They may not be Pat and Kevin of the “Williams Wall,” two defensive tackles that shut down running games a decade ago for the Vikings.

But defensive tackle Shamar Stephen’s return to Minnesota has coaches envisioning a similar impact when he and nose tackle Linval Joseph form a 638-pound barricade up front this season.

“It’s a linebacker’s dream,” said linebacker Eric Kendricks, who has led the team in tackles four times.

Stephen, 28, is coach Mike Zimmer’s answer to losing Sheldon Richardson in free agency to the Browns. Stephen, a 2014 seventh-round pick by the Vikings, became the team’s priority in free agency in March when his one-year contract expired in Seattle. Before Richardson’s signature dried in Cleveland, Stephen returned to the Vikings on a three-year, $12.45 million contract.

Tom Baker for Star Tribune
VideoVideo (05:13): Reporters Ben Goessling and Andrew Krammer say Friday's preseason game against the Saints will give the first real look at the offense, though it will be short, and they expect to see a lot of former Viking Teddy Bridgewater in the game.

“Like I never left,” said Stephen, who spent the 2014-17 seasons in Minnesota. “Coming back here was a great opportunity. I felt at home. The defensive line I’m around, I grew up with, so it’s an easy transition for me.”

He returned to practice this week after starting training camp on the non-football injury list. The Vikings are “being smart” with him and Joseph, according to defensive line coach Andre Patterson, as Joseph recovers from offseason shoulder surgery. They may be sidelined for Friday’s preseason opener in New Orleans, as the Sept. 8 season opener vs. Atlanta remains the priority.

While Stephen steps into the starting job, he won’t play the same role as Richardson. Coaches plan to lean on Stephen’s strengths as a run stopper, much as they did during the magical 2017 season when the Vikings’ run defense allowed just 83.6 yards per game (second in the NFL) and 3.7 yards per run (fifth).

“He’s going to solidify some of the run in the middle there,” Zimmer said. “First- and second-down runs, play-action passes — he’ll be in there quite a bit.”

In 2017, Stephen was a situational run stopper, playing nearly 40 % of the snaps. He’ll play even more this season, but likely not much on third downs. He’s expected to “eat” blocks on early downs, which can lower the difficulty level for linebackers behind him.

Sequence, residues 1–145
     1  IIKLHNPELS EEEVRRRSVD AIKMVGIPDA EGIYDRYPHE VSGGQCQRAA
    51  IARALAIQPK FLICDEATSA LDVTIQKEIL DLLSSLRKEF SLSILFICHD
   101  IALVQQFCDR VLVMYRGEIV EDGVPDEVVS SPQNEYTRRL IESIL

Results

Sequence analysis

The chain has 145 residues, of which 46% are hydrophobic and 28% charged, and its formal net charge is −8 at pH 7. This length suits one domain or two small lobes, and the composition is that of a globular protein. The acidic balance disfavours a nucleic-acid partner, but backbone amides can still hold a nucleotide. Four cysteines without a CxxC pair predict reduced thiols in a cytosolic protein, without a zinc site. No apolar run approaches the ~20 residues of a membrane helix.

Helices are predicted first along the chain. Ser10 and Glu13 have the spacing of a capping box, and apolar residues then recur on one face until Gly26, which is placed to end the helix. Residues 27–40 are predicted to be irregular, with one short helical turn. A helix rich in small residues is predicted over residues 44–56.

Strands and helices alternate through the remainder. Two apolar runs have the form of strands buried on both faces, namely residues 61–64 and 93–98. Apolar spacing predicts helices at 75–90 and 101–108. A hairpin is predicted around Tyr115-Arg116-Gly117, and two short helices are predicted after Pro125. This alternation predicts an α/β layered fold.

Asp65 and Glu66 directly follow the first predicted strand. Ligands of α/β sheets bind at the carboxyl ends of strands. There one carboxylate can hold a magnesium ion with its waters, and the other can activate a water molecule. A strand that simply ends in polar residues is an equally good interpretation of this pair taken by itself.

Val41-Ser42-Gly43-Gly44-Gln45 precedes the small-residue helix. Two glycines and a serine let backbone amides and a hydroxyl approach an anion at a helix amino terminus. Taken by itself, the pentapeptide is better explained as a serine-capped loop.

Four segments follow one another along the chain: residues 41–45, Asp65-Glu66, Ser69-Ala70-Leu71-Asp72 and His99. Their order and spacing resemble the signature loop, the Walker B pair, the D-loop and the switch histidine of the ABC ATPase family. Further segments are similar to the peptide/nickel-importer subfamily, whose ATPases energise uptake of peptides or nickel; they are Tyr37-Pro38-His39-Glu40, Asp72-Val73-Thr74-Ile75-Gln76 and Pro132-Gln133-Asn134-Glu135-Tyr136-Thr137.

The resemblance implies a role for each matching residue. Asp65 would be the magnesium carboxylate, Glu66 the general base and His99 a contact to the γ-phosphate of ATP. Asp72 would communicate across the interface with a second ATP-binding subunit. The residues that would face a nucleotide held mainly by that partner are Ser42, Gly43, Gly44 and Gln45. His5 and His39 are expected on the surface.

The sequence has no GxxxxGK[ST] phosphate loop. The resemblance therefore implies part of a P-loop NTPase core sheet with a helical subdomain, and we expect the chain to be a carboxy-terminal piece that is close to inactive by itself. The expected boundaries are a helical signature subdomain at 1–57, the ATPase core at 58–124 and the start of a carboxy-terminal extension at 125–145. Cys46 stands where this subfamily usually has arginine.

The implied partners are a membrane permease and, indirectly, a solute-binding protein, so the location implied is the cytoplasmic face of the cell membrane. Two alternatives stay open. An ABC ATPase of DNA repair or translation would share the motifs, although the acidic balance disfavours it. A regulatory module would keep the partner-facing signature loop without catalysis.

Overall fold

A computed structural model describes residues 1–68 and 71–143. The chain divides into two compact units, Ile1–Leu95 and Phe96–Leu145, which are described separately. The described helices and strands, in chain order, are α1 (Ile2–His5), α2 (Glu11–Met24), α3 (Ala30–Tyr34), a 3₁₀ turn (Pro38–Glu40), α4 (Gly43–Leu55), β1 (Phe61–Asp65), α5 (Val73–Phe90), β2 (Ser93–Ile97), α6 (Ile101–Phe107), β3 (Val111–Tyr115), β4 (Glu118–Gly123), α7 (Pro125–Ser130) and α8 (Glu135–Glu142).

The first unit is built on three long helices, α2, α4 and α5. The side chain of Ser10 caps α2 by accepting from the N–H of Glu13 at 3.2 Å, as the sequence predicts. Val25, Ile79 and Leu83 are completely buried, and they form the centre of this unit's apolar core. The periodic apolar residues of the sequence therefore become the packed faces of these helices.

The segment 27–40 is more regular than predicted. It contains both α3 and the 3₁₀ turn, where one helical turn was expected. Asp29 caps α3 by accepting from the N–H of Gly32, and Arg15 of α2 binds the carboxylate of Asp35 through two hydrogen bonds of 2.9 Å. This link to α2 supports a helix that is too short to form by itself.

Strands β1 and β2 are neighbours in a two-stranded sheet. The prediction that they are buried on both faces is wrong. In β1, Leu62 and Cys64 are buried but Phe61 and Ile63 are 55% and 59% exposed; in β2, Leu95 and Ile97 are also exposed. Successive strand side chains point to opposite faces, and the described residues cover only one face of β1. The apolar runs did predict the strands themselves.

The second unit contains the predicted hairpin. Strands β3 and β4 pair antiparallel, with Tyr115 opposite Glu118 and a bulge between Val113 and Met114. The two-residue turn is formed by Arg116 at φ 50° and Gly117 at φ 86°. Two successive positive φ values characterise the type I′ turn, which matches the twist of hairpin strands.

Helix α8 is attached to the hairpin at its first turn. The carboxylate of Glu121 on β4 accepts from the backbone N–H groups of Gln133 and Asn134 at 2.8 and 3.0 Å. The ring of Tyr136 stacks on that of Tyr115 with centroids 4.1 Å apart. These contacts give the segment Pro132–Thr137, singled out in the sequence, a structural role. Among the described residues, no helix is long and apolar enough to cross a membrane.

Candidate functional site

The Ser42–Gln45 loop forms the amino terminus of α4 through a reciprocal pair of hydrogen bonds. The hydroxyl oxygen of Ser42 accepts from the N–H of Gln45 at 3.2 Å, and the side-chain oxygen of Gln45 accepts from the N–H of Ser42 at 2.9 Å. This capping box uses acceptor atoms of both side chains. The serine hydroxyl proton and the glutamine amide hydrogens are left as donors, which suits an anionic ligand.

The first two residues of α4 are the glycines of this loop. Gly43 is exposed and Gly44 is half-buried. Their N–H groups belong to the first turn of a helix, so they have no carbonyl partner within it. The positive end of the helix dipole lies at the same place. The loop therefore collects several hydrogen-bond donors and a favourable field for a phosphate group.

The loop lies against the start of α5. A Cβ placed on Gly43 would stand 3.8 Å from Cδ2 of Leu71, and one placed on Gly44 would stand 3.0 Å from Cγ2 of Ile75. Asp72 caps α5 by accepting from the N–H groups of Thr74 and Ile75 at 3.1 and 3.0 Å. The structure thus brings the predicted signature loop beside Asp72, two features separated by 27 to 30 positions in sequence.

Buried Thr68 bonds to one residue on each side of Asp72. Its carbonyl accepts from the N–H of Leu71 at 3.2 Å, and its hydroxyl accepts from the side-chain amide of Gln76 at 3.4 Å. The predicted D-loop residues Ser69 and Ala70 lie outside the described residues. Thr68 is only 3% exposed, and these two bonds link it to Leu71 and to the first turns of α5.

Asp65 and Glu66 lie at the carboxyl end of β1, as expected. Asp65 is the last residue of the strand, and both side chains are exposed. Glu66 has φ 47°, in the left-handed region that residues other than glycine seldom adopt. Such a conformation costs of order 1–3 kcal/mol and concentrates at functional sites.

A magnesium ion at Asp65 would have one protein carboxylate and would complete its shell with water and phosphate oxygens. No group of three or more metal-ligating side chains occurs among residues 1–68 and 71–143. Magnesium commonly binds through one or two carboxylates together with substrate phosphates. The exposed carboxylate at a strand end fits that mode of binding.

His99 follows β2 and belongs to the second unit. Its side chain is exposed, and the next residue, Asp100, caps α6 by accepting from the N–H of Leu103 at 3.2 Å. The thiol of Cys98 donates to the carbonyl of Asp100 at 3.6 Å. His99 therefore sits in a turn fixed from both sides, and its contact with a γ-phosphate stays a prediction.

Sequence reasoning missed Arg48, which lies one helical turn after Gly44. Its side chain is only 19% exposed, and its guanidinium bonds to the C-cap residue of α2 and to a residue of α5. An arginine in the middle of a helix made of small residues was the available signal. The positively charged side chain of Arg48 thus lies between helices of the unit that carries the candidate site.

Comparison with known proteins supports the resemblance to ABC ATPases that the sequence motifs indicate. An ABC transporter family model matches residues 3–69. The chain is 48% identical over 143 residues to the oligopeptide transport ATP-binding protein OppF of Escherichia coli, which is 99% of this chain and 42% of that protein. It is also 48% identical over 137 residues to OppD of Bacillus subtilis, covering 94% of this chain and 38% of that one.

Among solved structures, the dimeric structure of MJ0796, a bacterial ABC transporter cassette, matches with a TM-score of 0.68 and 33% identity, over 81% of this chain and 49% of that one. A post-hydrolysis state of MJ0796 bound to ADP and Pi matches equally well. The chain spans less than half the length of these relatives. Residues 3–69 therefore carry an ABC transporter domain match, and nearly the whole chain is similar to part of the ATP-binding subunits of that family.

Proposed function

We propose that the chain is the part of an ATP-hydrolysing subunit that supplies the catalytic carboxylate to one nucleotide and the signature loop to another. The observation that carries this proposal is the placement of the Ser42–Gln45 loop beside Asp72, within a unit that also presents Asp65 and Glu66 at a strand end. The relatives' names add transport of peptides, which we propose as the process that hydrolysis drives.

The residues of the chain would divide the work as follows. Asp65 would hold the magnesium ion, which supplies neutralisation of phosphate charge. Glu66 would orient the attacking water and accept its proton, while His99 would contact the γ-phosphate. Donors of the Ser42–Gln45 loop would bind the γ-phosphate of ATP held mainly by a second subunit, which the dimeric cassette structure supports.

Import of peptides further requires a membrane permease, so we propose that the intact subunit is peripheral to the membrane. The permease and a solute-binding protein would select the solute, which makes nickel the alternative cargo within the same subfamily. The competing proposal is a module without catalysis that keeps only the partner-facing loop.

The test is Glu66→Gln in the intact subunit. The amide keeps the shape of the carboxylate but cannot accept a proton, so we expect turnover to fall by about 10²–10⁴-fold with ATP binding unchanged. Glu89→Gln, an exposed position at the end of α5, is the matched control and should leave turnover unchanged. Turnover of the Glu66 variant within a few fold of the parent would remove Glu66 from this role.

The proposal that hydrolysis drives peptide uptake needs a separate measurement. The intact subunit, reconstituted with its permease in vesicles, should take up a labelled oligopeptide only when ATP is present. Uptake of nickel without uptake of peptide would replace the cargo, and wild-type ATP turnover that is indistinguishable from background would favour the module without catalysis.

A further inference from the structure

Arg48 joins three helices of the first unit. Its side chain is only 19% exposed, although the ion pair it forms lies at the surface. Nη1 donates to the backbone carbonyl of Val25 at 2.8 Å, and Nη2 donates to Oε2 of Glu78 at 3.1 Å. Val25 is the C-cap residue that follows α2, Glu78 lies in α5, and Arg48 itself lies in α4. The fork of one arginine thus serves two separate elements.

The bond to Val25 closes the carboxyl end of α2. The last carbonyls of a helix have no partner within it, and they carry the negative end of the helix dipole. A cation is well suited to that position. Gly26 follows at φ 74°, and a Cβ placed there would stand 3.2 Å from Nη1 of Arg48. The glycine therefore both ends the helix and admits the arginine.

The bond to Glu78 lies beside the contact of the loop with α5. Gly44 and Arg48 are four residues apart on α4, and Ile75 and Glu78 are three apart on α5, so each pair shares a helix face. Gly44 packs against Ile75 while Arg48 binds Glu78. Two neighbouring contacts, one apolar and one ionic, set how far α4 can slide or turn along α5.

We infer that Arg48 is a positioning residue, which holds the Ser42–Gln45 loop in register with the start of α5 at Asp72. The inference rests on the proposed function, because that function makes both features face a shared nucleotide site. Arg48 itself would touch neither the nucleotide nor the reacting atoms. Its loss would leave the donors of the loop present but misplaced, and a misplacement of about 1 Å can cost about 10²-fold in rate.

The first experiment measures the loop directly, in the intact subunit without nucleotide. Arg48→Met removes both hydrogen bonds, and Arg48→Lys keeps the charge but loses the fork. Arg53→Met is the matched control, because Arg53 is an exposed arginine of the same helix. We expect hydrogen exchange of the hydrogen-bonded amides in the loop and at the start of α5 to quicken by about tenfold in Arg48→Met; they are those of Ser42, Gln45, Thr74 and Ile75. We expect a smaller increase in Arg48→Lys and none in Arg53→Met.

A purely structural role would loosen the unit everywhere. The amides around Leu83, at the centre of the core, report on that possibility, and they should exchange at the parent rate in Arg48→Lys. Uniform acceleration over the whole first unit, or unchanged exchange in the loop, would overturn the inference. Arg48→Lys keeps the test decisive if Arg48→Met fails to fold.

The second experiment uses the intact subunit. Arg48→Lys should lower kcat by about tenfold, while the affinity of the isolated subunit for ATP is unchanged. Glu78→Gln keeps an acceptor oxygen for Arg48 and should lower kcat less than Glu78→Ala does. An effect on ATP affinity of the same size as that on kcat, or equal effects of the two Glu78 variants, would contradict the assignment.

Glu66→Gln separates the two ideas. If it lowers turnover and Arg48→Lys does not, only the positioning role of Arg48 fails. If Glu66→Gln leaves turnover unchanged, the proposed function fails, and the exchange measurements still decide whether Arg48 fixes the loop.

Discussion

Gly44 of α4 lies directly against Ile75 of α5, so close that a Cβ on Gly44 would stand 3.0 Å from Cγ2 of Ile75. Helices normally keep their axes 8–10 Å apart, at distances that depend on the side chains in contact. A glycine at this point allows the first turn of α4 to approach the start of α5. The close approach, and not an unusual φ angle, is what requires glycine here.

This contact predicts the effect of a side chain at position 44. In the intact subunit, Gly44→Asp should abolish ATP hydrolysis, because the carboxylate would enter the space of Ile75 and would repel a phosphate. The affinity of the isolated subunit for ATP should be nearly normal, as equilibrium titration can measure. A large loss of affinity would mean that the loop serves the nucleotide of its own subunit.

“Sheldon did a nice job for us, but he’s a different style of player. He’s more of a quick, penetrating-type guy,” Patterson said. “So, now the backers have to fend for themselves more, because one of the [offensive] linemen are going to get off the line, get to the second level and block them. But when you got Shamar and LJ in there together, they eat up four guys. Now those backers have room to go make plays.”

But how will the Vikings replace Richardson’s disruptive pass rush? His 47 quarterback pressures ranked 14th among all NFL interior defenders last season, according to Pro Football Focus, which was the second most by a Vikings defensive tackle in the Zimmer era.

Defensive end Stephen Weatherly has been used as an interior pass rusher during camp. Young talent such as Jalyn Holmes and Hercules Mata’afa also will get opportunities as situational pass rushers this preseason.

“That’s why we got other guys I’m looking at,” Patterson said. “We’ll find out after these four preseason games what’s the best four combination to put out there on passing downs.”

A great run defense can force offenses into long third downs, easing the pass rush. That’s why the Vikings viewed Stephen as the ideal “Plan B” at defensive tackle, where he’s impressed coaches with his work ethic and intellect since he was a 2014 rookie out of the University of Connecticut.

Reading offensive line splits and backfield alignments help Stephen make educated guesses about where the ball is headed before it’s snapped. Those natural talents — standing 6-5 and 309 pounds — also certainly help, especially next to a 329-pound wrecking ball named Linval Joseph.

Kendricks could only smile when thinking about the space they can create.

“You have to account for those guys; otherwise they’re going to make the play,” Kendricks said. “It’s kind of a good thing for me — a great thing. I can’t complain at all.”